The October Man – Ben Aaronovitch

“In late September, as the nights close in, a strange madness possesses my father.

After seven books following PC Peter Grant in London, Ben Aaronovitch takes a slight detour with this novel. we are introduced to Tobias winter, Peter’s German counterpart, sent to the town of Trier to investigate – you guessed it – somewhat strange goings on.

A body has been found in a field belonging to an old, but small vinery. It’s coated with mould – a fungus of the same kind used to deliberately infect the grapes to make a sweeter wine. The vinery is close to the river Kyll, and indeed the current owner’s grandfather would leave offerings to the river goddess… sound familiar?

Like the previous novella in the series (The Furthest Station), I enjoyed the way the shorter format kept things focused on the one story. It still has many twists and turns, not being quite as tight as I expected, but still intriguing.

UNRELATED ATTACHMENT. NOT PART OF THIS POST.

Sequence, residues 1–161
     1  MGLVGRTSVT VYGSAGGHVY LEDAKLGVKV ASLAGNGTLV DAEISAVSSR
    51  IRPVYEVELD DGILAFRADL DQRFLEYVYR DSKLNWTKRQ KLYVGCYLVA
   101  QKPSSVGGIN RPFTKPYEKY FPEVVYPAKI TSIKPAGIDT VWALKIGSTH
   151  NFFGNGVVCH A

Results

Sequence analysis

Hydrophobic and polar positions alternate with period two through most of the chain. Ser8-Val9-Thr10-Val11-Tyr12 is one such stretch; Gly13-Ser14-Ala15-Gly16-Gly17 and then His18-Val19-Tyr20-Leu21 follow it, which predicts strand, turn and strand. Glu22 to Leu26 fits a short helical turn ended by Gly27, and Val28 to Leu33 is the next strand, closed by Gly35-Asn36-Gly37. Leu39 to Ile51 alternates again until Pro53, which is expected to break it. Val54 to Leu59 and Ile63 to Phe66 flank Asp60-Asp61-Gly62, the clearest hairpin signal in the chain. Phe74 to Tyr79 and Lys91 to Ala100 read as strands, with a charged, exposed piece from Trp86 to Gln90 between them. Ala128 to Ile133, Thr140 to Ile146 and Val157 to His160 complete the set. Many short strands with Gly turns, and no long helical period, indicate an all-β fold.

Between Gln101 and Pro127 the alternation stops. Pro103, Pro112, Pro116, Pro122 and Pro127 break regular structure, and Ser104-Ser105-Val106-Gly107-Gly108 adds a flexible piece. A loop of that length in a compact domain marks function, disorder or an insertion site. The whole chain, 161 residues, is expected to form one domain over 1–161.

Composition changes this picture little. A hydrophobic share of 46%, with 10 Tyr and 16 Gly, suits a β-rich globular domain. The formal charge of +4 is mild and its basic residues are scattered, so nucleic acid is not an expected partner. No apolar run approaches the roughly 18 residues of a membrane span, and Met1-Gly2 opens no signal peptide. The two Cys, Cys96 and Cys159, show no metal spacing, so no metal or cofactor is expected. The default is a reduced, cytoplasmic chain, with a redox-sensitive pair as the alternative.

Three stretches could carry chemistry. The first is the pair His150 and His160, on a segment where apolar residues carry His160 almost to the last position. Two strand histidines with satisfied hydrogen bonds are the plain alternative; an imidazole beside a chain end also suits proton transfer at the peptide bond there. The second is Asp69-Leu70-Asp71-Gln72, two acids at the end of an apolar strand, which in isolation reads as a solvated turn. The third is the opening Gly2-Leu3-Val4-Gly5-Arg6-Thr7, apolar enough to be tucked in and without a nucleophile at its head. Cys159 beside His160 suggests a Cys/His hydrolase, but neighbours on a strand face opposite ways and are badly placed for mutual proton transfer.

Tobias Winter is basically Peter Grant with a few different words in his vocab. Taking any section without specific identifier, I think the narration would be indistinguishable from Grant’s street smart, slightly sarcastic tone. Which is no bad thing, but still.

While I overall enjoyed the story a great deal, I think introducing new characters, new location, and a new organisation is perhaps a bit much to ask for a sub-200-page novella.

Still very worth the read, though, for fans if maybe not newcomers to the series. It is interesting to see the Rivers of London series branching out, and I’d love to see even more – but, I think perhaps it’d only really work if the voice was as distinctive as the new region?

Hardback: 180 pages / 13 chapters
First published: 2019
Series: PC Peter Grant / Rivers of London book 7.5
Read from 25th-30th July 2019

My rating: 8/10

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One thought on “The October Man – Ben Aaronovitch

  1. I really enjoyed this one! It was a bit weird being in the Rivers of London world but not following Peter. At the same time, I also thought that Tobias sounded a bit too much like Peter – not necessarily a bad thing, because it helped me get in the book…but I just thought his voice should be a bit more distinct, if you know what I mean 🙂

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